Students are expected to write, run, test, and debug a fully-working C++ program for the following computing problem:
In mathematics, a matrix is a rectangular array of numbers, arranged in rows and columns. For example, the dimension of the below matrix is 2 x 3 (read “two by three”), because there are two rows and 3 columns:
? = [ 1 2 −1 −1 0 3
Matrices can be called sparse or dense depending on the number of zero elements. A sparse matrix is a matrix in which most of the elements are zero. By contrast, if most of the elements are nonzero, then the matrix is considered dense. For dense matrices, all values need to be stored in the system. However, for sparse matrices, since the number of non-zero values is less, instead of unnecessarily occupying memory for zero values, we may store the corresponding row and column information of the non-zero values in the system. To be more specific, for a dense matrix, every cell of the matrix needs to occupy memory, however, for a sparse matrix, only row, column, and value information needs to be stored.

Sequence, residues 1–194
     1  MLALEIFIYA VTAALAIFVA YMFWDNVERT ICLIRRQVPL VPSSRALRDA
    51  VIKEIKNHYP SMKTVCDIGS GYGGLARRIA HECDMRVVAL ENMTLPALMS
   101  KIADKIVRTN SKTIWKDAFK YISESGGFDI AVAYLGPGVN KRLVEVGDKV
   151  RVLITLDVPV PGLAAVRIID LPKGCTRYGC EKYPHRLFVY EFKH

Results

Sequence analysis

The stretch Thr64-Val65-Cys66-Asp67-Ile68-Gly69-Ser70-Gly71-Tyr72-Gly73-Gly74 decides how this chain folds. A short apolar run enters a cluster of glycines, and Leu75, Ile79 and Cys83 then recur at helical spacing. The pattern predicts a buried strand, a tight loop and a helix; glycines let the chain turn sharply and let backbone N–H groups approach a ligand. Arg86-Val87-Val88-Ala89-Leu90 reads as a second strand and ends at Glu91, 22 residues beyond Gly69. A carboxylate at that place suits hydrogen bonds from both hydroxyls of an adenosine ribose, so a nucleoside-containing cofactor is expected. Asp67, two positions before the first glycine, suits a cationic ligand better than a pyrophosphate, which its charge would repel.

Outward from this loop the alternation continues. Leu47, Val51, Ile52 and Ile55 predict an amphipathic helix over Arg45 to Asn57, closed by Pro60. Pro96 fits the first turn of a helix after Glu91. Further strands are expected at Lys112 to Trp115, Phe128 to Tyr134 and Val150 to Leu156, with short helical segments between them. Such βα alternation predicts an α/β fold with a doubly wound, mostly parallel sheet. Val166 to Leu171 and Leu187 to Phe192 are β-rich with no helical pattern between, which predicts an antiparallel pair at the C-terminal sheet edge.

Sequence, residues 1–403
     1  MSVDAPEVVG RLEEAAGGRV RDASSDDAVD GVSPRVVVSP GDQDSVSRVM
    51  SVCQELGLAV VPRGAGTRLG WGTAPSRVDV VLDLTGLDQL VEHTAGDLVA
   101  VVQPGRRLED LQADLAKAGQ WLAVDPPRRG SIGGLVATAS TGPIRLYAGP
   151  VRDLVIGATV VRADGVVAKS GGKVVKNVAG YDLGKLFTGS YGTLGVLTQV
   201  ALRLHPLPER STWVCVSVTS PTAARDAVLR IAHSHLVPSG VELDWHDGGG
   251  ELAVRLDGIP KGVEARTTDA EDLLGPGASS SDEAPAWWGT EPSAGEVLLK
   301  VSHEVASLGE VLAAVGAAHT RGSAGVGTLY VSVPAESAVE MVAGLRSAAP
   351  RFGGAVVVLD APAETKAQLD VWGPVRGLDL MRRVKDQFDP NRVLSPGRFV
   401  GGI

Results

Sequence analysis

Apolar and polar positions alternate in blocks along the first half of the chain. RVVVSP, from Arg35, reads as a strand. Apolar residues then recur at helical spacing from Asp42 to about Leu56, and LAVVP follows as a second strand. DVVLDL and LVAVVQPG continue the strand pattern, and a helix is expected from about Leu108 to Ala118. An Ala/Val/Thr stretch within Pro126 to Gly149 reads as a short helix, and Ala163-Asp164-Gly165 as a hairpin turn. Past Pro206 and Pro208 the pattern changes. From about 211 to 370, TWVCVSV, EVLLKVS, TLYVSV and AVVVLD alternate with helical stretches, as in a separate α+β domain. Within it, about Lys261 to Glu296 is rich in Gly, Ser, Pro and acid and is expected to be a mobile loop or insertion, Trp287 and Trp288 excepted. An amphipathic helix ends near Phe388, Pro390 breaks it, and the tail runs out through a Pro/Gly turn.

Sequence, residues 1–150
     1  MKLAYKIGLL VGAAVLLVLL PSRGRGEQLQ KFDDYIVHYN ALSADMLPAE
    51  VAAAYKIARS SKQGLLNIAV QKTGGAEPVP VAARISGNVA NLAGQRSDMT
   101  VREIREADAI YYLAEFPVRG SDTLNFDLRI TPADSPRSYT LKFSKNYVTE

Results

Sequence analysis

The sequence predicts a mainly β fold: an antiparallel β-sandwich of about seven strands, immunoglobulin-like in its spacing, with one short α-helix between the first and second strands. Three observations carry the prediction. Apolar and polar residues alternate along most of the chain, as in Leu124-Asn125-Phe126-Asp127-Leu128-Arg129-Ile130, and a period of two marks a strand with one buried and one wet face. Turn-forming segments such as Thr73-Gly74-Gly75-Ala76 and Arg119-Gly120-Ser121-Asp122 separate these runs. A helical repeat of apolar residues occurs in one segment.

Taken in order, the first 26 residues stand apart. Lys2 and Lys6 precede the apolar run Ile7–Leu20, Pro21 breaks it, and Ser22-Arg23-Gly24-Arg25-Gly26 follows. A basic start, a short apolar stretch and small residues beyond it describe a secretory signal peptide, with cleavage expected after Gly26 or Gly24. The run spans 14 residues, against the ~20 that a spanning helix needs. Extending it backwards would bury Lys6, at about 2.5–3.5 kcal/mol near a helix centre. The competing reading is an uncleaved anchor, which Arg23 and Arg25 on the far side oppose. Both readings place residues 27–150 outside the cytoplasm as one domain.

Both sparse and dense matrices are to be derived from the general matrix class. The general matrix class should contain a couple of pure virtual functions, namely, the get, set, and resize, to be overridden by the sparse/dense matrices to meet their specific needs. Also note that, for a sparse matrix, get function needs to apply a kind of search operation since we are not storing the whole n x m system.
Some mathematical operations that need to be defined are the matrix addition, subtraction, and multiplication. Matrix transpose, multiplying by a constant, and testing whether two matrices commute (equal) or not, are the other functions that should be defined. Moreover, inputting and outputting of the matrices should be presented in such a way that a user may specify values into the matrices. Remember, when possible, operator functions need to be overloaded.